Syrian and Iraqi Sunnis are not holding their breath waiting to hear what Gulf monarchs will say. They wait only to see how much money might be in the envelopes they receive for collaboration. For leadership, Iraqi and especially Syrian Sunnis should be encouraged to look closer to home — to their own local communities and the state. The state should be strengthened as a non-sectarian body.

The Need for Non-Sectarian Institutions in the Middle East

In Washington’s policy circles, we often hear calls for Sunni armies and militias to “solve” Iraq and Syria. Yet Sunni armies already exist in these countries in the form of ISIL, al-Qaeda, and Ahrar al-Sham. The answer is not more Sunni armed groups.

If the goal is to excise jihadism, do not try to coexist with Sunni rejectionists advancing Saudi notions of Sunni identity. If Assad were fed to the jihadists as a sacrifice, then the next Alawite, Christian, Shia, secular, or “apostate” leader would become the new rallying cry for jihadists. Their goal is not merely the removal of one leader, but the extermination of all secularists, Shias, Alawites, Christians, and Jews, and others who are different — including fellow Sunnis. The Syrian government is often criticized for making little distinction between ISIL, Jabhat al-Nusra, Ahrar al-Sham, and the “moderates” who cooperate with them, but this misconceives how the Syrian state forces see the conflict. To them, any insurgent force with Islamist slogans is a slippery slope leading to the same result. Critics may complain that at various points in the war Syrian state forces spent more resources fighting the American-backed insurgents than ISIL, but this is because ISIL emerged largely in areas where the Syrian government had already been driven out. Meanwhile, the so-called moderates were the main day-to-day threat to government-held population centers such as Aleppo, Hama, Homs, Damascus, and Daraa.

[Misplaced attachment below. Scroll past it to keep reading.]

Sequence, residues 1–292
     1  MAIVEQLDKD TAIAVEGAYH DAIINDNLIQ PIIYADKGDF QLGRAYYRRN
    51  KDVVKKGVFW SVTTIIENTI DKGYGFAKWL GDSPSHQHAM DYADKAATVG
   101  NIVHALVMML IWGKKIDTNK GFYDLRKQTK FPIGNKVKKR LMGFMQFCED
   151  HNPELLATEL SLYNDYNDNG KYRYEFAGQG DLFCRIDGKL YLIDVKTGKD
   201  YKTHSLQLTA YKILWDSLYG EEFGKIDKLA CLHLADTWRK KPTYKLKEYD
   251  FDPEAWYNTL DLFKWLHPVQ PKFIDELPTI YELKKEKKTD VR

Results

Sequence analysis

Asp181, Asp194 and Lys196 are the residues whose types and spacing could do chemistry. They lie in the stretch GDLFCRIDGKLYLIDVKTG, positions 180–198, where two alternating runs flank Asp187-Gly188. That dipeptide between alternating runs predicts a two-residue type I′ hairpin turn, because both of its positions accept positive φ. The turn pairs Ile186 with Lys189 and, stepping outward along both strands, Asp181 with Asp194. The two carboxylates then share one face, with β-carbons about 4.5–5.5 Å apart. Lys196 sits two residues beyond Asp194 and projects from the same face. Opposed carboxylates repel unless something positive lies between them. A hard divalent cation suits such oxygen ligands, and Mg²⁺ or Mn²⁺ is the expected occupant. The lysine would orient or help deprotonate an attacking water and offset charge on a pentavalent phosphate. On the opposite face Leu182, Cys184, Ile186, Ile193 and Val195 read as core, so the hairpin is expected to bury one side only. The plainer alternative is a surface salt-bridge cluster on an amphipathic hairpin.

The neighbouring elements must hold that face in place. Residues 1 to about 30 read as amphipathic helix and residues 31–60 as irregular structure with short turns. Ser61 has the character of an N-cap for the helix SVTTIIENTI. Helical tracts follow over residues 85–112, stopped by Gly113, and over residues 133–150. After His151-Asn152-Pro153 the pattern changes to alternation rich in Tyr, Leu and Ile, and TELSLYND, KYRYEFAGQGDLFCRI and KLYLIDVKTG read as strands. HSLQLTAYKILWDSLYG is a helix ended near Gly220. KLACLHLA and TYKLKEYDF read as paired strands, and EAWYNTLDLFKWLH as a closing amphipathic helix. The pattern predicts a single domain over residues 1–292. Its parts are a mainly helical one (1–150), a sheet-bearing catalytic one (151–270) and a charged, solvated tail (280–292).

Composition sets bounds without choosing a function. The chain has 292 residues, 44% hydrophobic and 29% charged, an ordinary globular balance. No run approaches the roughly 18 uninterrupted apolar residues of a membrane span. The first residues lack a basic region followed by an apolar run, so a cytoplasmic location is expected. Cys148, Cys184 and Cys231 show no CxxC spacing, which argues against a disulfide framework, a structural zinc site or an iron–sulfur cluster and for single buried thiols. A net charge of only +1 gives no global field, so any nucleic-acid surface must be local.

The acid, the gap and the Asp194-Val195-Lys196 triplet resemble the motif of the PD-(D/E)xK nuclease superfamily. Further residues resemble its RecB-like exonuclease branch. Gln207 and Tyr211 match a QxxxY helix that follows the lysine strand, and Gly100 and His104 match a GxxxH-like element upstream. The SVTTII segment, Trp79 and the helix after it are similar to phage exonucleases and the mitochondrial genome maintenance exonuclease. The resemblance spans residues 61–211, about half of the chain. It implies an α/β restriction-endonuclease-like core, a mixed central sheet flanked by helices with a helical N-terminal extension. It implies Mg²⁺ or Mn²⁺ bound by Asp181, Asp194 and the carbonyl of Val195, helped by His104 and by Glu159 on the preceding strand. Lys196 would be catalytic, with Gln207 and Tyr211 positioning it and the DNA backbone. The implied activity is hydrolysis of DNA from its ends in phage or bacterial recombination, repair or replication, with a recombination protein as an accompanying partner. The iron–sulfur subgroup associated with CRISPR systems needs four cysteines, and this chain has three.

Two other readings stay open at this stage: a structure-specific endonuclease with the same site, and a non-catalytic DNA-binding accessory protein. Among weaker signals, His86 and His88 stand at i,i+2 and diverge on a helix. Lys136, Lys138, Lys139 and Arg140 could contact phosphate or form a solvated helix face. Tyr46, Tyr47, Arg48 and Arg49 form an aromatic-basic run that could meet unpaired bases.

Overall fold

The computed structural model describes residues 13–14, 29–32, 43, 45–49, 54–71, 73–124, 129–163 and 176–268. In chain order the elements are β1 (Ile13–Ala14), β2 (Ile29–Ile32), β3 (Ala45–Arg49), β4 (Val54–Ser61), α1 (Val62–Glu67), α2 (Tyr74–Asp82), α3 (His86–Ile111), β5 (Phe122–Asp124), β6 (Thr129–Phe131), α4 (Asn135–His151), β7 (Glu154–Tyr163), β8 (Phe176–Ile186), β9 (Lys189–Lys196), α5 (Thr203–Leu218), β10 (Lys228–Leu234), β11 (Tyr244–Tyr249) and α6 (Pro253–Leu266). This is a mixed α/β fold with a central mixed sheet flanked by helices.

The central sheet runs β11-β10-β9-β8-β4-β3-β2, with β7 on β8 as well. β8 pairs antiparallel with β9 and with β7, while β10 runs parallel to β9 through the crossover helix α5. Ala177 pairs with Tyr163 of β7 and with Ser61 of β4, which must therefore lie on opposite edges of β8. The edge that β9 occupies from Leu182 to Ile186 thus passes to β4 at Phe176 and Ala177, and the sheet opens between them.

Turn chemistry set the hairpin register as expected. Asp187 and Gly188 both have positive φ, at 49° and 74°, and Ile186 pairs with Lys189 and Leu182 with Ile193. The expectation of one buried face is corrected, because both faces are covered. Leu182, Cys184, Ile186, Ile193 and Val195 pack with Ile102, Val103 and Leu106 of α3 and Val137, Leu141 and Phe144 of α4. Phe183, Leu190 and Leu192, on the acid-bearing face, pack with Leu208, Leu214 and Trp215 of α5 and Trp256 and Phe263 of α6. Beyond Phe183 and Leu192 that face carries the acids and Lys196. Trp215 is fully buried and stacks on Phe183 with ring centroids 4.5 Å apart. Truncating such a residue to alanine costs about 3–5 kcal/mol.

It is irrational for the West to expect the Syrian government to focus on the enemies the West wants to see defeated while Western powers, along with Gulf countries and Turkey, are supporting insurgents that attack government forces which secure cities. The Syrian security forces have a finite amount of men, ammunition, fuel, and other resources, and they need to protect a great deal of military infrastructure, terrain, population centers, and supply lines. This naturally forces the regime to make choices. When foreign-backed insurgents attack state-held areas, the state’s security forces are less able to conduct operations elsewhere. For example, when American-backed insurgentscooperated with al-Qaeda and foreign fighters to seize cities in Idlib province last year, the Syrian Arab Army sent reinforcements from the east to Idlib. This left Palmyra wide open for ISIL to attack, which they did, seizing the ancient city. In February of this year, with the Cessation of Hostilities in place, the Syrian state was able to focus more resources on ISIL and retake Palmyra with Russian backing. ISIL and al-Qaeda thrive in stateless zones throughout the Muslim world. Supporting insurgents to create more such zones will only give such groups more space to occupy.

Every proposal to further weaken regime security forces leads to a greater role for Shia militias and the ill-disciplined militias the regime relies upon for support. Escalation by supporting proxies does not pressure the regime to negotiate. It only pressures the regime to use even more repressive and abhorrent tactics. The only compromises it makes are about which actors it will rely upon to defeat its enemies. As law and order breaks down, even Alawite militias have lost respect for the security forces. What is left of the Syrian state is failing, and the West bears some responsibility for that.

As jarring as this may sound to many Western readers, the Syrian government offered a model of secular coexistence based on the idea of a nation-state rather than a sect. This is a model wherein Sunnis, Alawis, Christians, Druze, Kurds, Shias, and atheists are all citizens in a deeply flawed, corrupt, and — yes — repressive system in need of improvement but not in need of destruction. The Syrian state has clearly become progressively more brutal as the civil war has dragged on. Still, the regime is not sectarian in the way most in the West seem to think. It is also not purely secular in that it encourages religion (a bit too much) and allows religion to influence the personal status laws of its various sects.